# Tag Info

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For the precision metric for example you have: $$Precision = \frac{TP}{TP+FP},$$ with TP = True Positive and FP = False Positive. Imagine you have the following values: Image 1: $TP = 2, FP = 3$ Image 2: $TP = 1, FP = 4$ Image 3: $TP = 3, FP = 0$ The precision scores as you calculated will be: Image 1: $2/5$ Image 2: $1/5$ Image 3: $1$ Your average ...

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This should make a difference, but how big is the difference heavily depends on your task. However generally speaking, a smaller batch size will have a lower speed if counted in sample/minutes, but have a higher speed in batch/minutes. If the batch size is too small the batch/minute will be very low and therefore decreasing training speed severely. However a ...

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There is no strict definition of suitability of an activation function for neural networks. Instead there are a number of desirable traits, and functions that don't meet them or come close enough may perform badly in general (but those functions may still work in specific cases) If you are using gradient descent as a training method, then differentiability ...

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The method you propose is already known, its basically a numerical approximation to the gradient. It is not used to train neural networks because its well... an approximation. You still need to do two forward passes to get an approximation, which introduces noise and might make the training process fail. Using backpropagation to compute the gradient is an ...

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I know that gradient descent allows you to find the local minimum of a function. What I don't know is what exactly that function IS. It's usually called the loss function (and, in general, objective function) and often denoted as $\mathcal{L}$ or $L$ (or something like that, i.e. it is not really important how you denote it). The specific function used as a ...

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Welcome to AI Stack exchange! You're right, as the network is initialised randomly, the resultant function is essentially impossible to get your head around. This is because most of the time the network has >4 dimensions (4 can be graphed with some effort and a lot of color), and as such is literally beyond human comprehension via graphing. So what do we ...

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No. Different batch sizes mean different gradients (check stochastic gradient descent concept you will get how loss calculated) are calculated in each step, and thus the gradient descent will likely end up in different places in parameter space. In addition, how this is actually parallelized might make a difference, including the order of operations and ...

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Take the sentence that was generated by your LSTM and feed it back into the LSTM as input. Then the LSTM will generate the next sentence. So the LSTM is using it's previous output as it's input. That's what makes it recursive. The intial word is just your base case. Also you should consider using GPT2 by open AI to do this. It's pretty impressive. https://...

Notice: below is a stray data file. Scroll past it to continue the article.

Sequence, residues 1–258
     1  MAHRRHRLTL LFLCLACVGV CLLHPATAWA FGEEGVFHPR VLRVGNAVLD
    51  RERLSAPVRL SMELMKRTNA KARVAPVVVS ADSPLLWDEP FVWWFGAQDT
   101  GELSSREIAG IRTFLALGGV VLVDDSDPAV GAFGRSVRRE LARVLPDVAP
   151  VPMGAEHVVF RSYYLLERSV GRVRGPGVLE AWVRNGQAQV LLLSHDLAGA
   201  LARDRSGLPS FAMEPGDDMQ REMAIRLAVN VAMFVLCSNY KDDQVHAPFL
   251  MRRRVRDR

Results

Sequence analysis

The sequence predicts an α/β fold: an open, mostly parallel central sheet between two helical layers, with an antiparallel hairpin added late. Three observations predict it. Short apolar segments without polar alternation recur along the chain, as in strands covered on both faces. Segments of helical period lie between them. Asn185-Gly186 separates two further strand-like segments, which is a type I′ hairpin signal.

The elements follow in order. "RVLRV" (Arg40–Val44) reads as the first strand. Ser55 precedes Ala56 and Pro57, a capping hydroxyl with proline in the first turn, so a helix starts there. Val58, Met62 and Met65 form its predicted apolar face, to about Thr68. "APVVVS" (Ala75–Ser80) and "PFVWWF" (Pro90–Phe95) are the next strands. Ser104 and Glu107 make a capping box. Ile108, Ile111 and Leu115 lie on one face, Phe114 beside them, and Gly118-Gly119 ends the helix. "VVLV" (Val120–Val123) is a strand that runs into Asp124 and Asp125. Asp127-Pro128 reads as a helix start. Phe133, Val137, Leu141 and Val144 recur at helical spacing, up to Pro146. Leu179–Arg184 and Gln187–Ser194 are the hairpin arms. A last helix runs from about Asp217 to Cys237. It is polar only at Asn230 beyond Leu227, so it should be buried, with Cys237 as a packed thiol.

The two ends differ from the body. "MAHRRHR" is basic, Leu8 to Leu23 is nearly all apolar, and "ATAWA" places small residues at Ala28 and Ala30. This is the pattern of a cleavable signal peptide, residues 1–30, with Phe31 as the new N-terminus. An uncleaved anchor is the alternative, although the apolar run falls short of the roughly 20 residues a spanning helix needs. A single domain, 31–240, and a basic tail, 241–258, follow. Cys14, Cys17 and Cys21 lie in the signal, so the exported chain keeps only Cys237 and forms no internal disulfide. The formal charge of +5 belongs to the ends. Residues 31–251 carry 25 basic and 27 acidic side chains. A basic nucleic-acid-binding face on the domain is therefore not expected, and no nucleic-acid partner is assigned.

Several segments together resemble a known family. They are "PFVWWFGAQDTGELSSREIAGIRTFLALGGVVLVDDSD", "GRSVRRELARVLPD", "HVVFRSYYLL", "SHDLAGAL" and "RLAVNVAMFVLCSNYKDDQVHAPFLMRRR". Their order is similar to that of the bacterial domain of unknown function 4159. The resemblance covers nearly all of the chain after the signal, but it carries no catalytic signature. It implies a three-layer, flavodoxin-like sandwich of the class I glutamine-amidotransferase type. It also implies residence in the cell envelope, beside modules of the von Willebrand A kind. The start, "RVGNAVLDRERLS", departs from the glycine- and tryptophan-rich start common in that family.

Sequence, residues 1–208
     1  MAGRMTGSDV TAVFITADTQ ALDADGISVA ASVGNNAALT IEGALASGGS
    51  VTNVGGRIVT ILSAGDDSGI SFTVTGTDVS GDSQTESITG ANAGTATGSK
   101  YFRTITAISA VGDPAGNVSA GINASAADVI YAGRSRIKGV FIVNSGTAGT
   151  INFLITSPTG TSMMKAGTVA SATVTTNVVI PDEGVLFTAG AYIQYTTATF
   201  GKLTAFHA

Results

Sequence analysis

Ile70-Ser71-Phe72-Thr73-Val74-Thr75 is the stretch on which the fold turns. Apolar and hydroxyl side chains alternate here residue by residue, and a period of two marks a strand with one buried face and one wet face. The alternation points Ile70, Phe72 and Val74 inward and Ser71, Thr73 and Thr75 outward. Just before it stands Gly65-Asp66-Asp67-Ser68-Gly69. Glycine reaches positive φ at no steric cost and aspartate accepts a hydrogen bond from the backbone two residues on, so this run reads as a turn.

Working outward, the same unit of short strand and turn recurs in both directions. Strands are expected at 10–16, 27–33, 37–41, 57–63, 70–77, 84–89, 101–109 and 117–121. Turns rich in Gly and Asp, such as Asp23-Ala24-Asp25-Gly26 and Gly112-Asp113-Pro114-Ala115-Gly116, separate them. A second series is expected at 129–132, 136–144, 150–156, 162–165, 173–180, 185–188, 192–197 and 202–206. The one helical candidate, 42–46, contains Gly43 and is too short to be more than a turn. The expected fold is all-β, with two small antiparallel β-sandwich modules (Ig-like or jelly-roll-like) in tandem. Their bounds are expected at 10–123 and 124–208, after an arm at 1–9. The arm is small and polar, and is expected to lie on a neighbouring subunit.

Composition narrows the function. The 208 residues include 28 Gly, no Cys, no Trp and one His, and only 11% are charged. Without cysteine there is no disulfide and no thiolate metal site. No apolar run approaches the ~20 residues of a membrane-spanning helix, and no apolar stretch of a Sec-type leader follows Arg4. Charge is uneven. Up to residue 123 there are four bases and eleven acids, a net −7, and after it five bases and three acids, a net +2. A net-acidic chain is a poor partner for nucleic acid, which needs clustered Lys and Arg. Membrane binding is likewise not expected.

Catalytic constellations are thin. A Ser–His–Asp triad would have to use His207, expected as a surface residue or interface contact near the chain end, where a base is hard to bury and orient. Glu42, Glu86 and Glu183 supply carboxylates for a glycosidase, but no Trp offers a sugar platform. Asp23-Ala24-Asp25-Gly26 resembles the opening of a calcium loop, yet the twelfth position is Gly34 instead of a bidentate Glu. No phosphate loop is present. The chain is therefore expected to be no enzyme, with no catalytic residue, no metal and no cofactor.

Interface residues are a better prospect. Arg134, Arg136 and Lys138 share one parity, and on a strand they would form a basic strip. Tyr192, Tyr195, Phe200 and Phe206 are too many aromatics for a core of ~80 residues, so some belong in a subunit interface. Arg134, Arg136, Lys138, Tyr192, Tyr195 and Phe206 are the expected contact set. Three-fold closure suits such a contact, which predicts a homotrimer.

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In your case, $L$ is the loss (or cost) function, which can be, for example, the mean squared error (MSE) or the cross-entropy, depending on the problem you want to solve. Given one training example $(\mathbf{x}_i, y_i) \in D$, where $\mathbf{x}_i \in \mathbb{R}^d$ is the input (for example, an image) and $y_i \in \mathbb{R}$ can either be a label (aka class)...

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Precision is the number of true positives over the number of predicted positives(PP), and recall is the number of true positives(TP) over the number of actual positives(AP) you get. I used the initials just to make it easier ahead. A true positive is when you predict a car in a place and there is a car in that place. A predicted positive is every car you ...

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Summing up a sequence of word vector maybe used in practice sometimes. However, the operation of addition is non-reversible, meaning that once you sum up a few numbers, you cannot get the original numbers back. However summing up a sequence of word vectors may work depending on your task. You should also normalize the values, or just use average value. For ...

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In short: It is easy to quantify information, but it is not easy to quantify its usefulness I'm not sure how exactly you are looking to formalise your experiment, but it might be helpful to consider these points: There is no such thing as an absolute measure of information. The amount of information contained in some dataset is dependent on the underlying ...

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This question is very broad, so let me attempt to answer it using my own background in time series analysis. As an example, why would I continue using ARIMA to forecast a time series? Why not simply use an LSTM model by default, since this is a type of recurrent neural network that takes time-related dependencies into account? Well, an LSTM model is not ...